5 tips for working with a thesis advisor

Advice For Working With a Thesis Advisor

  • Develop a Positive Working Relationship
  • Communicate Well
  • Have Clearly Defined Goals
  • Be Proactive
  • Be a Good Listener

A graduate school thesis advisor guides a student throughout the different stages of a final research project. Picking a research advisor who has the background and interests that coincide with a chosen topic is one of the first steps in this process. Once the chosen professor has agreed to work with a student, however, it's now time to understand the best ways of working well together to achieve the pursued goals of the graduate degree.

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1. Develop a Positive Working Relationship

According to the American Psychological Association, there is a developmental connection between student and advisor, and that connection should evolve over time. Be considerate of a thesis advisor's time by coming to meetings fully prepared so as not to waste time. Arrive with an agenda of what needs to be discussed. Have a list of topics ready to review and know what you want to get out of each meeting or conversation. Agree upon the milestones to be reached. In these ways, mutual respect can be achieved and a good working relationship can flourish.

2. Communicate Well

Clear, open communication is key to a good working relationship between a graduate school student and her thesis advisor. Honesty and openness can enable a more successful, pleasant thesis research experience. If some points of disagreement crop up, discuss them fully so unpleasant feelings do not have a chance to fester. Negative things can occur if communication breaks down. Be sure to openly facilitate discussions when a problem presents itself or to review progress and concerns.

3. Have Clearly Defined Goals

Be able to answer the following questions:

"What is this thesis project trying to accomplish?"

"How does the work fit in with the thesis advisor's overall goals?"

Work with the thesis advisor to emphasize the key points of the project so time is effectively spent. Students can follow up face-to-face meetings with concise emails that reiterate the main takeaways from the meeting and the coming weeks' priorities. Each email can then be referred to in the next meeting to keep advisor and student clearly on track and gauge progress.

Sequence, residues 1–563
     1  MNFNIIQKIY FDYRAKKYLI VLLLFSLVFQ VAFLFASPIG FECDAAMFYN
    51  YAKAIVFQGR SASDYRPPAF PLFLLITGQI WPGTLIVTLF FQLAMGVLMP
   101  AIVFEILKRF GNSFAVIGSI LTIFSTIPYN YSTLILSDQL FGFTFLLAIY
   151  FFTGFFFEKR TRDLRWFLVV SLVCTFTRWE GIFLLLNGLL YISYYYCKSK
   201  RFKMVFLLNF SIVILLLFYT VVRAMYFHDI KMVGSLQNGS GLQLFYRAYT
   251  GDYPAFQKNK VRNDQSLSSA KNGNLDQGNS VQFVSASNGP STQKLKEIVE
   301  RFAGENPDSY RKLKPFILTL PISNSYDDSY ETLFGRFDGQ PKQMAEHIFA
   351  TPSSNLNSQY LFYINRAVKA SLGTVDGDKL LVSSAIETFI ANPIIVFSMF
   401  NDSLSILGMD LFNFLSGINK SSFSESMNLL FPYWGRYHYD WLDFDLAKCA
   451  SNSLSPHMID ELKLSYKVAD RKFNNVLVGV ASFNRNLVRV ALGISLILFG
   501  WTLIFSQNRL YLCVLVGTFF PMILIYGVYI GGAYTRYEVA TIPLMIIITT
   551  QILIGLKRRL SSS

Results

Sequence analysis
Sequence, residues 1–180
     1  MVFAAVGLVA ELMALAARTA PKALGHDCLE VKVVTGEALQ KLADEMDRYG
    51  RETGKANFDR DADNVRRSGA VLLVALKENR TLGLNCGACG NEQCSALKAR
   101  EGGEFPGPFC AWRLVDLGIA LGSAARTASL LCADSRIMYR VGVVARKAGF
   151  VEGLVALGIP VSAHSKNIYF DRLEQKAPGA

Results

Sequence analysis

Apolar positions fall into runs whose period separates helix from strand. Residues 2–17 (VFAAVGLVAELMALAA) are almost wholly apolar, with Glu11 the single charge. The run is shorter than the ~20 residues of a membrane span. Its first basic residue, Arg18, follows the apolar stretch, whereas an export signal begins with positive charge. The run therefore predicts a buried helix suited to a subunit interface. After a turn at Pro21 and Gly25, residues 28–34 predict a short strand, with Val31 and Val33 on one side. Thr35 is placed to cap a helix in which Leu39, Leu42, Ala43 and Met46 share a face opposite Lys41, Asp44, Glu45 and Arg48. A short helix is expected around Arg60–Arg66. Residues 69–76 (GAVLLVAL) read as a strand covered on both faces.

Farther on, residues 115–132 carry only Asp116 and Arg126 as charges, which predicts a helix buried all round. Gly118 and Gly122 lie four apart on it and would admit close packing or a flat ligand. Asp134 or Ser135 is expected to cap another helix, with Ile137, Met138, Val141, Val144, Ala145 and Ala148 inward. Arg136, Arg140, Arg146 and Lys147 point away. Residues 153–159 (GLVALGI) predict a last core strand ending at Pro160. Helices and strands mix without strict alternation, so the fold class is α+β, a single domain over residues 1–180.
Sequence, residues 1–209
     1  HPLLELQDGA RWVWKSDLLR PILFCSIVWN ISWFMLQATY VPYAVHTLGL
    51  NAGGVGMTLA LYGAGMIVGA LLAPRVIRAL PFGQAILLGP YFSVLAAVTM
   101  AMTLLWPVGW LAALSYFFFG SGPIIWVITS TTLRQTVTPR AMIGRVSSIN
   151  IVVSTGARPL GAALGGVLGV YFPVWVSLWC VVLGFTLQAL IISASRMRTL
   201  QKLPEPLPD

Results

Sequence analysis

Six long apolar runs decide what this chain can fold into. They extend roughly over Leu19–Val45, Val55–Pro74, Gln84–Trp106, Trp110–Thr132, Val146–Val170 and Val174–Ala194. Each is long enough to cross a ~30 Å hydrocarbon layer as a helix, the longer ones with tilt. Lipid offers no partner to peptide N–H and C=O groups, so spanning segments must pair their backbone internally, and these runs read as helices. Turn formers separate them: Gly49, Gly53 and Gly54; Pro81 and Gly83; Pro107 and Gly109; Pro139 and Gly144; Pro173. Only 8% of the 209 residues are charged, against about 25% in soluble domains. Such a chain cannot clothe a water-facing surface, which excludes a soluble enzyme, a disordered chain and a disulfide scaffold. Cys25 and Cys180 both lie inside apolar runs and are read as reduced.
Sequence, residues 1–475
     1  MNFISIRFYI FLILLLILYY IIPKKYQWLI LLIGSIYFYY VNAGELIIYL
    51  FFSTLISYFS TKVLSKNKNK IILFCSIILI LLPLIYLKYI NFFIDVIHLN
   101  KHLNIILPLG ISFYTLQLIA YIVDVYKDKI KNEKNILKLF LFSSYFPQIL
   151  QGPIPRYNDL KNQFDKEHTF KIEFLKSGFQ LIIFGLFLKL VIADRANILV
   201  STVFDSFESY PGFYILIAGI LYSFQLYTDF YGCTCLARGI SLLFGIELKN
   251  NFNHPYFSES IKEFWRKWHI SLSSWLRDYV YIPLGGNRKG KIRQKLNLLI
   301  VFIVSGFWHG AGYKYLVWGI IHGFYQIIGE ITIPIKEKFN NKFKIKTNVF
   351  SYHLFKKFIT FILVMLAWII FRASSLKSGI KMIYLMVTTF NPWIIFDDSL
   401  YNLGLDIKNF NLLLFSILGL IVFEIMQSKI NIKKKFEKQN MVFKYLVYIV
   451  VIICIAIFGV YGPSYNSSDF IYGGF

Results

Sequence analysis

4. Be Proactive

If struggles with the research project become apparent, use those good communication skills and talk with a thesis advisor sooner rather than later. In this way, students can receive necessary feedback to enable them to attempt a different approach completely or perhaps just fine-tune what's already been accomplished. Being proactive also includes knowing about and working to an advisor's strengths and weaknesses. If, for example, an advisor is known to be a little disorganized, send regular work updates to let him or her know things are on track.

5. Be a Good Listener

Active listening is possibly one of the hardest communication skills. This is especially true if a student has a specific viewpoint about the thesis project and is not open to new ideas. It's important to have an open mind during discussions with a thesis advisor. Take criticism constructively by listening carefully to it. Ask questions and try not to take advice about changes to a project too personally. Really listening to the advice of a seasoned mentor will go a long way toward establishing and keeping a beneficial relationship between student and advisor.

Working on a graduate school thesis is a learning experience in more ways than one. Ensure that the working experience with a thesis advisor remains a pleasant and fruitful one by keeping the lines of communication and understanding open at all times.